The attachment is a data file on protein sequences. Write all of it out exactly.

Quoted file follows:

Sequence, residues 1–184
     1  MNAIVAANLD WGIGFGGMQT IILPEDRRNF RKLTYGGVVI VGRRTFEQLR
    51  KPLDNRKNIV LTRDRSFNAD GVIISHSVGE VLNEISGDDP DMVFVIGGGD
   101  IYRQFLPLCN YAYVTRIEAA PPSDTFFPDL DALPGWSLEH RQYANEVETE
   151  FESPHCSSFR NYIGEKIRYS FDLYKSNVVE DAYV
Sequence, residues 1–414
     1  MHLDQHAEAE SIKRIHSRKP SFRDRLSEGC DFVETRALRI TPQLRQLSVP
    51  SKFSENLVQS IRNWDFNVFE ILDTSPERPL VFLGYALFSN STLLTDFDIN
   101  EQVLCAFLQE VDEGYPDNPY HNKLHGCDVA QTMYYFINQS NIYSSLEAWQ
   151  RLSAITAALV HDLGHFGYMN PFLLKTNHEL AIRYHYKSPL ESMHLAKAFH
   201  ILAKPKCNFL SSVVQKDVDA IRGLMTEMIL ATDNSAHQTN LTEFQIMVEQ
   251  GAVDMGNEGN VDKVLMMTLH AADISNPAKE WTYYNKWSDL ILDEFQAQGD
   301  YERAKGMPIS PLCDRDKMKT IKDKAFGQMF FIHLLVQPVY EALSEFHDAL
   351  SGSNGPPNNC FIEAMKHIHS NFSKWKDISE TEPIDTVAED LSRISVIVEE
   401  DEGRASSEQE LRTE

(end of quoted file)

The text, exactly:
Sequence, residues 1–184
     1  MNAIVAANLD WGIGFGGMQT IILPEDRRNF RKLTYGGVVI VGRRTFEQLR
    51  KPLDNRKNIV LTRDRSFNAD GVIISHSVGE VLNEISGDDP DMVFVIGGGD
   101  IYRQFLPLCN YAYVTRIEAA PPSDTFFPDL DALPGWSLEH RQYANEVETE
   151  FESPHCSSFR NYIGEKIRYS FDLYKSNVVE DAYV
Sequence, residues 1–414
     1  MHLDQHAEAE SIKRIHSRKP SFRDRLSEGC DFVETRALRI TPQLRQLSVP
    51  SKFSENLVQS IRNWDFNVFE ILDTSPERPL VFLGYALFSN STLLTDFDIN
   101  EQVLCAFLQE VDEGYPDNPY HNKLHGCDVA QTMYYFINQS NIYSSLEAWQ
   151  RLSAITAALV HDLGHFGYMN PFLLKTNHEL AIRYHYKSPL ESMHLAKAFH
   201  ILAKPKCNFL SSVVQKDVDA IRGLMTEMIL ATDNSAHQTN LTEFQIMVEQ
   251  GAVDMGNEGN VDKVLMMTLH AADISNPAKE WTYYNKWSDL ILDEFQAQGD
   301  YERAKGMPIS PLCDRDKMKT IKDKAFGQMF FIHLLVQPVY EALSEFHDAL
   351  SGSNGPPNNC FIEAMKHIHS NFSKWKDISE TEPIDTVAED LSRISVIVEE
   401  DEGRASSEQE LRTE